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anonymous
 5 years ago
is (2n)! the same as 2n(n!)?
anonymous
 5 years ago
is (2n)! the same as 2n(n!)?

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anonymous
 5 years ago
Best ResponseYou've already chosen the best response.0No, because, if they were, dividing them would yield 1. Here, \[\frac{(2n)!}{2n(n!)}=\frac{2n(2n1)(2n2)...(n+1)n!}{2n \times n!}\]\[=(2n1)(2n2)...(n+1)\neq1\]

nowhereman
 5 years ago
Best ResponseYou've already chosen the best response.0at least for n > 1 ;)

anonymous
 5 years ago
Best ResponseYou've already chosen the best response.0Yes, I sort of assumed.

anonymous
 5 years ago
Best ResponseYou've already chosen the best response.0how does the (2n)! turn into the (n+1)n! at the end there?

nowhereman
 5 years ago
Best ResponseYou've already chosen the best response.0thats because he reduces n! and the first factor that remains is (n+1)n!

anonymous
 5 years ago
Best ResponseYou've already chosen the best response.0does that mean (2n)! = 2n(n+1)n! ?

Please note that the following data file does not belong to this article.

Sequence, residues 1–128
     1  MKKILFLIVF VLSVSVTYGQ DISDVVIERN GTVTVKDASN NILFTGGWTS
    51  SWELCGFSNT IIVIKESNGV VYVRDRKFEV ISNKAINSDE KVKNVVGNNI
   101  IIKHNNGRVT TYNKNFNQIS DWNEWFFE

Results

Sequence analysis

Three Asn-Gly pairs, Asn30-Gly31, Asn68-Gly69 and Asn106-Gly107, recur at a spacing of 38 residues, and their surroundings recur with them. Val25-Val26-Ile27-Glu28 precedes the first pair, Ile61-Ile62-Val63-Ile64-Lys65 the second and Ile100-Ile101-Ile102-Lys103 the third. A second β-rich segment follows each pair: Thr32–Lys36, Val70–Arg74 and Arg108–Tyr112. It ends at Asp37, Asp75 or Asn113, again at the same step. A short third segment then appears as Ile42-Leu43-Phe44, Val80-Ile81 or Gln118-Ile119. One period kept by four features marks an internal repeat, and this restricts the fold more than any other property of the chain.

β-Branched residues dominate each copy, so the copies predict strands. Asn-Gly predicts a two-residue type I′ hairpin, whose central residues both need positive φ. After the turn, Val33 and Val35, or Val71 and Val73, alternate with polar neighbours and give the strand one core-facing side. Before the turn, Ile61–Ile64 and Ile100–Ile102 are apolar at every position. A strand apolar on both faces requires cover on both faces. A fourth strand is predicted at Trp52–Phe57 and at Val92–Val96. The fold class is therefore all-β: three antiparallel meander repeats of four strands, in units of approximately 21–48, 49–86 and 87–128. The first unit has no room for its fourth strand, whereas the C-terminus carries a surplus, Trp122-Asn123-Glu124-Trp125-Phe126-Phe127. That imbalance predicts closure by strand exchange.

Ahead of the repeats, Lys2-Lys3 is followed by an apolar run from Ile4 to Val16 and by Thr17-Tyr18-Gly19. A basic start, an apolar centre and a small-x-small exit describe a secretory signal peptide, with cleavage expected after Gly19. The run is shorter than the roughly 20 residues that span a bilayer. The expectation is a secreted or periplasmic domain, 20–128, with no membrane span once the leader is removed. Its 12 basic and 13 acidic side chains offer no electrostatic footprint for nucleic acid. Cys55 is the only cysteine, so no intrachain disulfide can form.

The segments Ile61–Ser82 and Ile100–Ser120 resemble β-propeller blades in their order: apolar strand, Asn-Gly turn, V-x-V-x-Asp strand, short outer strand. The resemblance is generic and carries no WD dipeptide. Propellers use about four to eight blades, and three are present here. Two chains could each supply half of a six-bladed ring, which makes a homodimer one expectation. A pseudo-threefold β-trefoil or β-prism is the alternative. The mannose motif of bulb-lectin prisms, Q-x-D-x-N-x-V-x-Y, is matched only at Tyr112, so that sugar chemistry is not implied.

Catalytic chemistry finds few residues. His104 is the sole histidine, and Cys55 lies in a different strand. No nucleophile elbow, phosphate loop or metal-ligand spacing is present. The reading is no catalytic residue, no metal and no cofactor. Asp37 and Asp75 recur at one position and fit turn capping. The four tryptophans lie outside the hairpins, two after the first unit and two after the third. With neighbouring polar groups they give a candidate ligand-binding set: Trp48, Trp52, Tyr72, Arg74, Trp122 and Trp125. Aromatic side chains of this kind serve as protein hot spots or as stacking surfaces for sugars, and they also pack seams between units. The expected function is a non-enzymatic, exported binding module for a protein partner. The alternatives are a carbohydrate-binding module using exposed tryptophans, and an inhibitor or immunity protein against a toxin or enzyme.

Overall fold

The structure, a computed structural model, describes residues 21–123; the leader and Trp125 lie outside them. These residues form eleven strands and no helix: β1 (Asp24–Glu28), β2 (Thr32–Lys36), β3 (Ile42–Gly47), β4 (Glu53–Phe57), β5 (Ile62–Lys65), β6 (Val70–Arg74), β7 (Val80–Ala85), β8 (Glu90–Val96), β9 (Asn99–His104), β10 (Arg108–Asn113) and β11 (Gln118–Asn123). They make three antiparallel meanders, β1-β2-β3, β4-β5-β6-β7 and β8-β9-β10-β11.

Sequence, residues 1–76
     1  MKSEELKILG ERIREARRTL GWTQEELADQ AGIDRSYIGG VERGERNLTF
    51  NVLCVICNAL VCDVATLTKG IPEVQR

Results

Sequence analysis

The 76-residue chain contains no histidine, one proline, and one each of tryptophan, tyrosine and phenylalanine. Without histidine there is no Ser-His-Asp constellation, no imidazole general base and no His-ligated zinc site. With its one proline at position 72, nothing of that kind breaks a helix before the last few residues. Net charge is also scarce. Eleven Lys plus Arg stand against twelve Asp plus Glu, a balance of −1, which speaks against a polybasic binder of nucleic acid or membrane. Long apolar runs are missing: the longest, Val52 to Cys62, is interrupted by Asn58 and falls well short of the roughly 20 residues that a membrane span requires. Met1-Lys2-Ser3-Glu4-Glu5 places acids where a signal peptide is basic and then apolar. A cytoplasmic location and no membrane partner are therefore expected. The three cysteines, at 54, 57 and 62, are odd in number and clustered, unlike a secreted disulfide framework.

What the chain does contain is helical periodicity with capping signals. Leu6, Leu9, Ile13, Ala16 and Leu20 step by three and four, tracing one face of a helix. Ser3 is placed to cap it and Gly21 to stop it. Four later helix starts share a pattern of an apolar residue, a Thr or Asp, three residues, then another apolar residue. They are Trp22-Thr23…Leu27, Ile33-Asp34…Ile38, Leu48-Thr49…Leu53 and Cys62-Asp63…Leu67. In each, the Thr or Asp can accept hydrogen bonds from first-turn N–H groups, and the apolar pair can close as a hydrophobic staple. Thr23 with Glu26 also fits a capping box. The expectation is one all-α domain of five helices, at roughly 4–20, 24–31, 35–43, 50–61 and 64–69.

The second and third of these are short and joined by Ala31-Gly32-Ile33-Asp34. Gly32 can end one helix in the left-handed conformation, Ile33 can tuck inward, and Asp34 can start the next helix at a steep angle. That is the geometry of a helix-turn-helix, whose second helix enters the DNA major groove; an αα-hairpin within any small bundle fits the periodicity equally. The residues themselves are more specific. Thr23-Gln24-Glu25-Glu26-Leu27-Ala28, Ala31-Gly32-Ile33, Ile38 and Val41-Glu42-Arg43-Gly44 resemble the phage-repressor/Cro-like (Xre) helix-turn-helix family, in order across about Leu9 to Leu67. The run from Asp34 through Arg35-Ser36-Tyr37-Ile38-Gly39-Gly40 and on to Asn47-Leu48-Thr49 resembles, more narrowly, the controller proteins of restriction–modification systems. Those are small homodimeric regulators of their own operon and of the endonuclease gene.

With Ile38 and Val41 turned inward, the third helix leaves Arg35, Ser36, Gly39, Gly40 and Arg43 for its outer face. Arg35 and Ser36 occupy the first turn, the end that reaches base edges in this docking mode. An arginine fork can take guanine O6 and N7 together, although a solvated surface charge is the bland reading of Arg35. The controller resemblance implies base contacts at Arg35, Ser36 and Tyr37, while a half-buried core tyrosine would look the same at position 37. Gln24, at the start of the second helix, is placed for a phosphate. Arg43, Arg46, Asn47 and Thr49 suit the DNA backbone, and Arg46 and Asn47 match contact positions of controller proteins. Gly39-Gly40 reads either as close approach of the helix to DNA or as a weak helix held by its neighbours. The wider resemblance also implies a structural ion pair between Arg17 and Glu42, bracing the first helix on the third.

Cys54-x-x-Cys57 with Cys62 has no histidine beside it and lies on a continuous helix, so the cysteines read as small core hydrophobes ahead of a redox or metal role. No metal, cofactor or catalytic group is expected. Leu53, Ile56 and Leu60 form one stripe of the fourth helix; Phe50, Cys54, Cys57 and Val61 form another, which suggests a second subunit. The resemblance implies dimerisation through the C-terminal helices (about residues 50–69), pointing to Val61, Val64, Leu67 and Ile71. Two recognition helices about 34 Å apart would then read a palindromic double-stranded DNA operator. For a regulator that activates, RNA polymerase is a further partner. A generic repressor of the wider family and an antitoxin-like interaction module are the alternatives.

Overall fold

anonymous
 5 years ago
Best ResponseYou've already chosen the best response.0thats not right at all, sorry.

anonymous
 5 years ago
Best ResponseYou've already chosen the best response.0i am trying to make it look like n! = (n+1)n!, you know?

nowhereman
 5 years ago
Best ResponseYou've already chosen the best response.0yes indeed \[(2n)! = 2n(2n1)(2n2)\cdots(2n(n1))n!\]

anonymous
 5 years ago
Best ResponseYou've already chosen the best response.0oh i see how that happened now. thanks for spelling it out for me :)

anonymous
 5 years ago
Best ResponseYou've already chosen the best response.0Fan us, then, bugaloo! ;)
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